I'm just learning about hugelkultur and I'd like to try making a bed for springtime. In the second, and subsequent years, how do you prepare the beds for planting in spring, since you can't really dig them or till them? They'll probably be covered with weeds.
Also, people talk about building up the beds a little more each year, but how do you do that? Do you take dirt from somewhere else and put on top? I just have a medium sized suburban yard, and buying dirt by the bag is expensive.
I thinkthe answer to your question of how to build them up is: mulch. The mulch will break down into soil, and will impart valuable nutrients, while smothering the weeds. Or so I've heard. This is my second year with hugels, and I encountered the weed problem the first year because I didn't mulch. This year, I raked up leaves from under my trees and clippings from my lawn, and put down about 3-5 inches of that on top of my hugel. I don't know, however, if that's too much or too little mulch. I'd love to see what the experts have to say!
B aware, though, that if you live in wet area prone to slugs, the mulch will make a great home for them. We ended up having to get ducks for that reason--slugs ate everything!
When you finish harvesting your crops from the hugel, just chop what's left and let it lay. If you see settling (depressions or even craters) happening, just fill in with compostable materials. If you want to add overall soil depth then I would use finished compost or at the end of the growing season cover the whole mound with compostables and perhaps put on a layer of mulch. I personally like to use old carpet scraps to cover a mound that I am composting in place, it holds more of the rains in and prevents rains from washing away the materials I have placed there to turn into compost. In the spring I remove the carpet(s) and plant.
The biggest cause of failures, IMO, is not building them in layer fashion. I have a few neighbors that have tried growing mounds but they just put in all their wood at once then covered them with the soil and compost they moved out of the way to build the mound. If you are building a standing wood type mound, it is important to fill the gaps between the rotting wood with compostable materials then you put the cover on. If you are building horizontal mounds, dig down to the sub soil, save the good dirt off to the side for the cover, lay in the largest diameter logs then a layer of leaves and other compostable materials (straw, grass clippings, wood chips or saw dust, ect.) then lay on the next layer of wood which should be slightly smaller in diameter than the first layer, continue in this manner until you have the mound built up to the height you desire. I use kitchen scrap and butchering left overs as part of the first wood cover layer since animals would be hard pressed to get at them when the mound is finished. This particular layer also adds valuable minerals from the bones. Once you have built the mound to the height you want, you are ready to lay on the cover. I like to mix my cover soil with an equal volume of finished compost before putting it on the mound, the last step for me is to put on a layer of some sort of mulch. then I plant my cover crops, I like to use low growing cover crops so that when I come in to plant my squash and other food crop plants. The food crops will shade the cover crop and stunt it by taking away the sunlight. At the end of the growing season I chop and drop what is left of the food plants. This year I used Kale as a winter crop on two mounds, this way I am getting tasty greens all winter and in the spring I can cut them down and plant my spring/summer food crops.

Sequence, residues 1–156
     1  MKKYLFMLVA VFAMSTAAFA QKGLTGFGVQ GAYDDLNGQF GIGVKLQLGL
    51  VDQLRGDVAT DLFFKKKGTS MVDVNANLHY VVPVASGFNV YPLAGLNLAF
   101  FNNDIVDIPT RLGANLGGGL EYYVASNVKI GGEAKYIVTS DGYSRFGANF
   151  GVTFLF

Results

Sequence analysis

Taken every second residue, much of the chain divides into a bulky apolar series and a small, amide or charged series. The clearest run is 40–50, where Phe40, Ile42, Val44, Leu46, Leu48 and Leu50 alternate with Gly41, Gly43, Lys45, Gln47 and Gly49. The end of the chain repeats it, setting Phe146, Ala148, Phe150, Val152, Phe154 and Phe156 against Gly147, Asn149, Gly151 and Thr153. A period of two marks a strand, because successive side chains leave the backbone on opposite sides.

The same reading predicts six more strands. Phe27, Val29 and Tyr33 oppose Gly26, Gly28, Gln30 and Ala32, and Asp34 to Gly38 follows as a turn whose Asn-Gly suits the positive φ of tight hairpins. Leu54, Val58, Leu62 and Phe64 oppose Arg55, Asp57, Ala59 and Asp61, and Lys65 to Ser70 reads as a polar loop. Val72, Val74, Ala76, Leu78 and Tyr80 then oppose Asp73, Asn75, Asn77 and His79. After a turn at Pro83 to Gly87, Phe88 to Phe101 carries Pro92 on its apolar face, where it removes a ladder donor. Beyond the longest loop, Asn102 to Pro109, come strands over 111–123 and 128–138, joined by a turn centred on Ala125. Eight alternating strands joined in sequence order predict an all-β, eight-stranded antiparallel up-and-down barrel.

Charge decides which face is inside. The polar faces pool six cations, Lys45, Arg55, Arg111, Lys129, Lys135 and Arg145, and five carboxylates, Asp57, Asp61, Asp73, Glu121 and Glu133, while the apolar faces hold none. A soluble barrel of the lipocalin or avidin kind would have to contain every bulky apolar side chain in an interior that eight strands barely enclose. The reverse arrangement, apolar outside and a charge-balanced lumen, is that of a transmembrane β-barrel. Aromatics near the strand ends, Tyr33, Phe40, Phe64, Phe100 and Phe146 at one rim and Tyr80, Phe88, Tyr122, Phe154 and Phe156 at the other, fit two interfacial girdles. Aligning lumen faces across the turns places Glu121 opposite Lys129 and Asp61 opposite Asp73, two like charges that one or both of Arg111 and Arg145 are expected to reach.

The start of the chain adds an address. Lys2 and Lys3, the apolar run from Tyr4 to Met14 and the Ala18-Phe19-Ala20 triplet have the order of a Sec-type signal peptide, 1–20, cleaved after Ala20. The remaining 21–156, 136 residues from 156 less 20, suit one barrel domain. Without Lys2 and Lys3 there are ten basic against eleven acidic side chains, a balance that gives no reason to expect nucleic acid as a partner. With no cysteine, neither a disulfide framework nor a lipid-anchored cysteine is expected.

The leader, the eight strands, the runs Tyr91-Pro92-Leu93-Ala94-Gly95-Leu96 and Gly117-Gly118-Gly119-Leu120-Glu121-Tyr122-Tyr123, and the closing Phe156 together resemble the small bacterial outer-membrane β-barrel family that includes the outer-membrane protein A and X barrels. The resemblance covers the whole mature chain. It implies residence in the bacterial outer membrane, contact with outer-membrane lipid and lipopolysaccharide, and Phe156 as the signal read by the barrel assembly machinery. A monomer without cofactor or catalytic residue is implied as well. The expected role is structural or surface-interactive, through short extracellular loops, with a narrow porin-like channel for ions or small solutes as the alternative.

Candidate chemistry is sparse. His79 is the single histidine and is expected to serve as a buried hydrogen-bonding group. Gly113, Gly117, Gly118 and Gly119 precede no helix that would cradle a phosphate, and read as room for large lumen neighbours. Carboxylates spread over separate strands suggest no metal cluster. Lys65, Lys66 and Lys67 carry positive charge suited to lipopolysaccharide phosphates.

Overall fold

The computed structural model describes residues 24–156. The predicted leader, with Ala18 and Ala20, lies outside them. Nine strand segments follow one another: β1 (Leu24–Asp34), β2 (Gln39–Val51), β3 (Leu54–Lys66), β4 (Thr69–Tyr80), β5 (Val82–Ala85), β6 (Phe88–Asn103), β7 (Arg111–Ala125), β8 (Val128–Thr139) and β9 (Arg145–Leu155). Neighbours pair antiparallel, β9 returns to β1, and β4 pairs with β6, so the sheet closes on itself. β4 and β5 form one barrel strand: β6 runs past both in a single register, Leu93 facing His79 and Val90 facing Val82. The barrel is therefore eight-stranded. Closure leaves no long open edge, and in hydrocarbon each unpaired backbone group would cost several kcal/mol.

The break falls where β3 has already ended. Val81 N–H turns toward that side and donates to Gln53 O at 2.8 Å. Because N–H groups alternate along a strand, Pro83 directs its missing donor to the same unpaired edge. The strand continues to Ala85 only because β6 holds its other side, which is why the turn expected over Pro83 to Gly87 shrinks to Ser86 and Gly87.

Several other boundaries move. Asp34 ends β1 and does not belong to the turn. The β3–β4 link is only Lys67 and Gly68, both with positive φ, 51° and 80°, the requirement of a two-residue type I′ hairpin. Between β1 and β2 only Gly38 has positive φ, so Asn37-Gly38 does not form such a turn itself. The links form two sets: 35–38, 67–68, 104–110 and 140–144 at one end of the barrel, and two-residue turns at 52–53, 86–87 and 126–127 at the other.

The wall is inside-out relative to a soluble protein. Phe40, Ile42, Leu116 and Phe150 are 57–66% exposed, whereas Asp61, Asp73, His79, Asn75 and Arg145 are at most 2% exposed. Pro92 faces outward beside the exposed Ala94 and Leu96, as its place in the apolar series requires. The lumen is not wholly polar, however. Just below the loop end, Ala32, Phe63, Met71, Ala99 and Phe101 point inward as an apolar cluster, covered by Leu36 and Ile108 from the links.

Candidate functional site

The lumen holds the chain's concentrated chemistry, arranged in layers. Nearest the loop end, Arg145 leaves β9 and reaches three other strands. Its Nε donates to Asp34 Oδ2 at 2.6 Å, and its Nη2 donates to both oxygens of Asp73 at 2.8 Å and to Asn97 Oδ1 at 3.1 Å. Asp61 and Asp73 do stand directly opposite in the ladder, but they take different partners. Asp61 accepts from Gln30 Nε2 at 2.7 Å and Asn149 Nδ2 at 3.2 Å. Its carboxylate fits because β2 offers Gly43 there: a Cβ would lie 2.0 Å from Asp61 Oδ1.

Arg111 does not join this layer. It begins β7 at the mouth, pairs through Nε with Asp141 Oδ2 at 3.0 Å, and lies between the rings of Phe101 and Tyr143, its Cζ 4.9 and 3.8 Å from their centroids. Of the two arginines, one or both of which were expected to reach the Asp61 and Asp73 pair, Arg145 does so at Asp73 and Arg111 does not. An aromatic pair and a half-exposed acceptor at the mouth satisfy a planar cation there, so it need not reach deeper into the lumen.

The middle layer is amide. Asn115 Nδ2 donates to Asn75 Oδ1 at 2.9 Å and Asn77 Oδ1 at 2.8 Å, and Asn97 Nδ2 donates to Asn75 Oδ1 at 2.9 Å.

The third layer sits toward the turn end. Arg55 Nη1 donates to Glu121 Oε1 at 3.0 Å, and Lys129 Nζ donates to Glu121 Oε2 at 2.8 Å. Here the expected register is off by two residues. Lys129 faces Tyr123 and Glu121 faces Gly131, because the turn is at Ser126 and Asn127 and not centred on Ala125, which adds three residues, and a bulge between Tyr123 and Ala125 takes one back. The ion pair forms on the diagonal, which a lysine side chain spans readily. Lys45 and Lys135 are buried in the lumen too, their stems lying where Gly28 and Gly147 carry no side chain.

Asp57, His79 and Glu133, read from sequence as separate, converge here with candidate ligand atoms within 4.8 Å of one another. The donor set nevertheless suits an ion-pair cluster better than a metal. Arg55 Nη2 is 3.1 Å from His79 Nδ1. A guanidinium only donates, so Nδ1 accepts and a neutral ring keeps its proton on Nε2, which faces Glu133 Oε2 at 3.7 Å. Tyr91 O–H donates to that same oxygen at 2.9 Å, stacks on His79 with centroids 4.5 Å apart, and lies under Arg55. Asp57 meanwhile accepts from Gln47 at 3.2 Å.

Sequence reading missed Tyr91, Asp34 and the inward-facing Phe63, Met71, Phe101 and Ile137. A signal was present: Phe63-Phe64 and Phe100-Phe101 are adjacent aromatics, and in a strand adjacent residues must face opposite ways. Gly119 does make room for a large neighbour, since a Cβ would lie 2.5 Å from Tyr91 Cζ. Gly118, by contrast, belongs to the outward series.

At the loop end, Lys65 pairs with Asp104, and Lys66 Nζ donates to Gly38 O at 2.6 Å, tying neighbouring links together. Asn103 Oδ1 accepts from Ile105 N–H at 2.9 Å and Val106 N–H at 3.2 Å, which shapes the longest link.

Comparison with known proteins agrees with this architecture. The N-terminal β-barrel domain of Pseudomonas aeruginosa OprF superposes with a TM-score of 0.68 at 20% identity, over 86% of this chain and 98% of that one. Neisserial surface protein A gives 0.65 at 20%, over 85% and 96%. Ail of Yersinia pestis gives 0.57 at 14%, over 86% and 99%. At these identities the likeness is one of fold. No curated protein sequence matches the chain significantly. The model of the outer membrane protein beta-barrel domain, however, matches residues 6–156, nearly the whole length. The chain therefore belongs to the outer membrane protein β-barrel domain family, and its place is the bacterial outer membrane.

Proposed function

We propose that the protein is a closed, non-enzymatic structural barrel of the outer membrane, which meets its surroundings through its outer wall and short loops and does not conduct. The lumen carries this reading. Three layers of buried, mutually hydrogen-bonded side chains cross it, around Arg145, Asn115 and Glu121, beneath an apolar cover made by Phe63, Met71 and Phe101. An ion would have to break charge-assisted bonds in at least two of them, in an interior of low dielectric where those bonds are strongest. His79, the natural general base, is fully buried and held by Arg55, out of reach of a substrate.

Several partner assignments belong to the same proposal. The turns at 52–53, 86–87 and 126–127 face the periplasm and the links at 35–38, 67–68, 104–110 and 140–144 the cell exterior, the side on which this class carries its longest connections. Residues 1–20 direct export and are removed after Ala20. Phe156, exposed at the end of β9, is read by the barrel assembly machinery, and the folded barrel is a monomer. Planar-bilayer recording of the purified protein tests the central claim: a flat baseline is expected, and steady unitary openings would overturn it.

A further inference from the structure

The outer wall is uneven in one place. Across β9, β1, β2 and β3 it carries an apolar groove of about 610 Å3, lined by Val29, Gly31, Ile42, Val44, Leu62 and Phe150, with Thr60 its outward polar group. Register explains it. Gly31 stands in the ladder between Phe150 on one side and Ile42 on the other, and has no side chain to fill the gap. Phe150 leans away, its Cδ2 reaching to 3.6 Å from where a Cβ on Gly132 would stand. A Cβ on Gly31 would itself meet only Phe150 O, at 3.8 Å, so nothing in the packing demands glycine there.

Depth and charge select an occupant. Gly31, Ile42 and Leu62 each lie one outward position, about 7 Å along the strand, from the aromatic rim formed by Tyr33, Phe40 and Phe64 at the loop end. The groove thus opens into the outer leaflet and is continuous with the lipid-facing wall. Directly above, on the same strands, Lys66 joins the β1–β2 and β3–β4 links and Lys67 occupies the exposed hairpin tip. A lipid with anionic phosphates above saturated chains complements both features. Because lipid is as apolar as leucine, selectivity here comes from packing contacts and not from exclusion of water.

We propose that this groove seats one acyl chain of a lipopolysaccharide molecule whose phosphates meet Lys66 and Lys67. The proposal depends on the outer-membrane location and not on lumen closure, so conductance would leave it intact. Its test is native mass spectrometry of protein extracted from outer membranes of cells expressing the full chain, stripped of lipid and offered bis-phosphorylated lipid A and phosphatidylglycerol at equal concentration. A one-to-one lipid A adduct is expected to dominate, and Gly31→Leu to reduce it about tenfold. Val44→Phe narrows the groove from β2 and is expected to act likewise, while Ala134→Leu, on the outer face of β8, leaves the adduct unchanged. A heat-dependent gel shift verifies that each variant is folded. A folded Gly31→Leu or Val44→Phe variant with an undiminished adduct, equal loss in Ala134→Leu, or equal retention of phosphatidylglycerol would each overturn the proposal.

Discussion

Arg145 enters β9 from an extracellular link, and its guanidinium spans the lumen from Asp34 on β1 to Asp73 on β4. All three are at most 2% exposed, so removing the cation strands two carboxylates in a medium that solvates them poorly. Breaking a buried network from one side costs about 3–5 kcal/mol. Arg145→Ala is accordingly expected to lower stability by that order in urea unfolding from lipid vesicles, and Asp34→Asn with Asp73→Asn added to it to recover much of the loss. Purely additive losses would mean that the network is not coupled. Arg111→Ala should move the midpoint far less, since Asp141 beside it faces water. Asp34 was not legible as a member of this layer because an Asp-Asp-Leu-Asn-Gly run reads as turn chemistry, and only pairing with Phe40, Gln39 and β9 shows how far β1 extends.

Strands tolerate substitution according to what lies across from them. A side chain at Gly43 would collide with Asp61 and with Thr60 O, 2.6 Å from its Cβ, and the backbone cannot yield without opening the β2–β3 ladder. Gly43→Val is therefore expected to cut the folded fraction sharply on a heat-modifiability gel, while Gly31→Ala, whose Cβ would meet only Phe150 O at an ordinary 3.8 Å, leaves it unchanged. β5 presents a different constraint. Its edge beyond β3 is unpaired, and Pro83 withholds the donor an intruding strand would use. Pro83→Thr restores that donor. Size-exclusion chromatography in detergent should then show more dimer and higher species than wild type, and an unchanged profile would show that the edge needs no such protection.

Hope this a good enough explanation, if not let me know and I will delve deeper for you.